Coach of the Year

I think it’s a dead heat between Andy Reid and Sean Payton. It’s hard to argue against picking any head coach who has managed to double his team’s win total from the previous year before October 1, and Reid has done a phenomenal job in building an offense that fits his roster while getting the most out of his talented core of defensive players. Kansas City’s offensive line is playing well (besides, perhaps, first overall pick Eric Fisher), and the Chiefs have become a dangerously efficient team in the vein of the 2011 49ers.

On the other hand, there’s Payton and his 4-0 Saints. We saw the impact that Payton’s absence had on the Saints last year, and while part of their improvement has been driven by the arrival of new defensive coordinator Rob Ryan, Payton has helped restore Drew Brees to his former heights and managed game situations better than his assistants did a year ago. While Reid brought his 4-0 team from deeper straits than Payton, the Saints feel like a better 4-0 team than the Chiefs. I’d probably lean Reid, but I wouldn’t argue if you preferred Payton.

Defensive Rookie of the Year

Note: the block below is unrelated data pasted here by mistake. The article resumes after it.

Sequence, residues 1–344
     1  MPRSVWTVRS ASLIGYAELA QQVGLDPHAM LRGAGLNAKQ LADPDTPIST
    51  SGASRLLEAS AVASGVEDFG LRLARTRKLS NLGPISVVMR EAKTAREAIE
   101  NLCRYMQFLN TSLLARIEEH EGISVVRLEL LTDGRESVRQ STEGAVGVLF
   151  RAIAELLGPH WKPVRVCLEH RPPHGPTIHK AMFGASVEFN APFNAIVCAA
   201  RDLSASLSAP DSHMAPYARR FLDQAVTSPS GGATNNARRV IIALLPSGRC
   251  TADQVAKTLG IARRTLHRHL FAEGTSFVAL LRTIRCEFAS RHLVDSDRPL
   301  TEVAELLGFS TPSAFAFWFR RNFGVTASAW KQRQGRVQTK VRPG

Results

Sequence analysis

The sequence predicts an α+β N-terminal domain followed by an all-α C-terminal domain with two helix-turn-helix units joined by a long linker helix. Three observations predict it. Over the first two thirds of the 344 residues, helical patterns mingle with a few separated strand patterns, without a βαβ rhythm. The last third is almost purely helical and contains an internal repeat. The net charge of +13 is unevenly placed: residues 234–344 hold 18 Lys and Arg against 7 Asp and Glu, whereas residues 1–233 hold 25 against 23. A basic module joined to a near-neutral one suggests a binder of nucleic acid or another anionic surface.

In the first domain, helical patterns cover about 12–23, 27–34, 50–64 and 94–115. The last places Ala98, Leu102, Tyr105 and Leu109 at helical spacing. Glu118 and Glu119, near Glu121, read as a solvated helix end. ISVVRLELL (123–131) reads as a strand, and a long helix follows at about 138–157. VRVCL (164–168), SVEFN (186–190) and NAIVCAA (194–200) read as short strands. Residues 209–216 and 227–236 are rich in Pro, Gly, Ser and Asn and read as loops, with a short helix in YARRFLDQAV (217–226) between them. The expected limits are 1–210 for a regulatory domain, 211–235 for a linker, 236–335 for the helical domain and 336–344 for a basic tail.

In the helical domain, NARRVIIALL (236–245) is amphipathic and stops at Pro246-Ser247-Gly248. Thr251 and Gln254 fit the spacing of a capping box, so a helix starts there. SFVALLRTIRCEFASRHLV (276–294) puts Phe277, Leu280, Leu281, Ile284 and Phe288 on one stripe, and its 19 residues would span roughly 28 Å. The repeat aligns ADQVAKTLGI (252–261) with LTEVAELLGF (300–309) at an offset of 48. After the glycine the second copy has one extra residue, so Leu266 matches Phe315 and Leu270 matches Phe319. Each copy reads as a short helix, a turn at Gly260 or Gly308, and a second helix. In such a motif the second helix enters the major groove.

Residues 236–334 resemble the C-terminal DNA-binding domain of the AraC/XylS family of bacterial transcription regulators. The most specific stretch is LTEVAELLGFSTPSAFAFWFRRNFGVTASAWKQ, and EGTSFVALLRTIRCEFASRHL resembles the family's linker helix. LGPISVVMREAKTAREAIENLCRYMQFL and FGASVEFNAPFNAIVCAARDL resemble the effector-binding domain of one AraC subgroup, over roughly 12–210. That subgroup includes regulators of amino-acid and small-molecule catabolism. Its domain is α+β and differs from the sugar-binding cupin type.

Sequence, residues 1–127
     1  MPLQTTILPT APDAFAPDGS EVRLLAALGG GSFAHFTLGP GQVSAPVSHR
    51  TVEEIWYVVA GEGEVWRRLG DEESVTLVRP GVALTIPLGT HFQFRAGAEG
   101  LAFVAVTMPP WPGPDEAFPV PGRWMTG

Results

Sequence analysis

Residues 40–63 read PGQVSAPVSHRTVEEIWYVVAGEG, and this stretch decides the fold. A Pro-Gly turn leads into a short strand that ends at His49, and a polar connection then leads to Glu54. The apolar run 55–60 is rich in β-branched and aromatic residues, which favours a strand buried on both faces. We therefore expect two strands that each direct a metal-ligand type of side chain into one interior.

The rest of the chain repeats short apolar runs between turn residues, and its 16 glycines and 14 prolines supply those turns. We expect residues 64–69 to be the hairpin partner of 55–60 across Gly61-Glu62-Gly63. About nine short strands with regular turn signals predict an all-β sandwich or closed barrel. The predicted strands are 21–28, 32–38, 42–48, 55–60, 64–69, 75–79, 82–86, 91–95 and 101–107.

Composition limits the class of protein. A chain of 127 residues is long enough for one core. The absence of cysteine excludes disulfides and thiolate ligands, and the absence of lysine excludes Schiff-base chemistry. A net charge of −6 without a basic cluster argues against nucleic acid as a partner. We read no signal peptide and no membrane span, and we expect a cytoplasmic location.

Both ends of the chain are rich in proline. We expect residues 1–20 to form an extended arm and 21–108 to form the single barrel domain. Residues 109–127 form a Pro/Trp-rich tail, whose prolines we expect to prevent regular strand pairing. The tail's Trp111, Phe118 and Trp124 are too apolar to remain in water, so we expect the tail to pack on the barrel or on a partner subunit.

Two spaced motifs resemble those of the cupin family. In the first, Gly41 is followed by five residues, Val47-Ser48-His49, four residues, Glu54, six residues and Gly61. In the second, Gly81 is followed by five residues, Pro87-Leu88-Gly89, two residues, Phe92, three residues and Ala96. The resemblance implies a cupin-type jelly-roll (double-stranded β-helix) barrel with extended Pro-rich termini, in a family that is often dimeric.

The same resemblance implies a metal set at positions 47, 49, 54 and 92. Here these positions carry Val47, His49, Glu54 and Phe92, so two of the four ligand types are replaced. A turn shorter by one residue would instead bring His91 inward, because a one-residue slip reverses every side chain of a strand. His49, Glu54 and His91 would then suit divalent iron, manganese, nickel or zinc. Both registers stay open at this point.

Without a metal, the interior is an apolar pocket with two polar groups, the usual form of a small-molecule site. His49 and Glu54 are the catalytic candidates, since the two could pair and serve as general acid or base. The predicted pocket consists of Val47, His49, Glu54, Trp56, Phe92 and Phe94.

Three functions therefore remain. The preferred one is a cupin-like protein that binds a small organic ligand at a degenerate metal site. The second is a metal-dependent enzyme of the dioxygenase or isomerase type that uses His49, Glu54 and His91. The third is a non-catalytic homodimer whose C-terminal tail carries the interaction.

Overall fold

This is one of the easier choices on the list. While I’ve been impressed by safeties like Kenny Vaccaro and Eric Reid, the clear favorite for Defensive Rookie of the Year is Bills middle linebacker Kiko Alonso, who has become a team leader and playmaker after just four games. With the Buffalo secondary ravaged by injuries from day one, Alonso has been a force to be reckoned with in the middle. His range as a defender allows him to cover just about any tight end or running back creditably, and when balls get tipped in the air or thrown away from their targets, Alonso has been picking up free opportunities for takeaways. He’s tied for the league lead with four interceptions through four games. Alonso is also another success story for trading down; the Bills acquired the second-round pick they used to draft Alonso by trading down in the first round. The major pieces in that trade ended up becoming Tavon Austin for Alonso and EJ Manuel; it’s ridiculous to judge it after four games, but if you’re in the mood to be ridiculous, it has been a huge win for the Bills so far.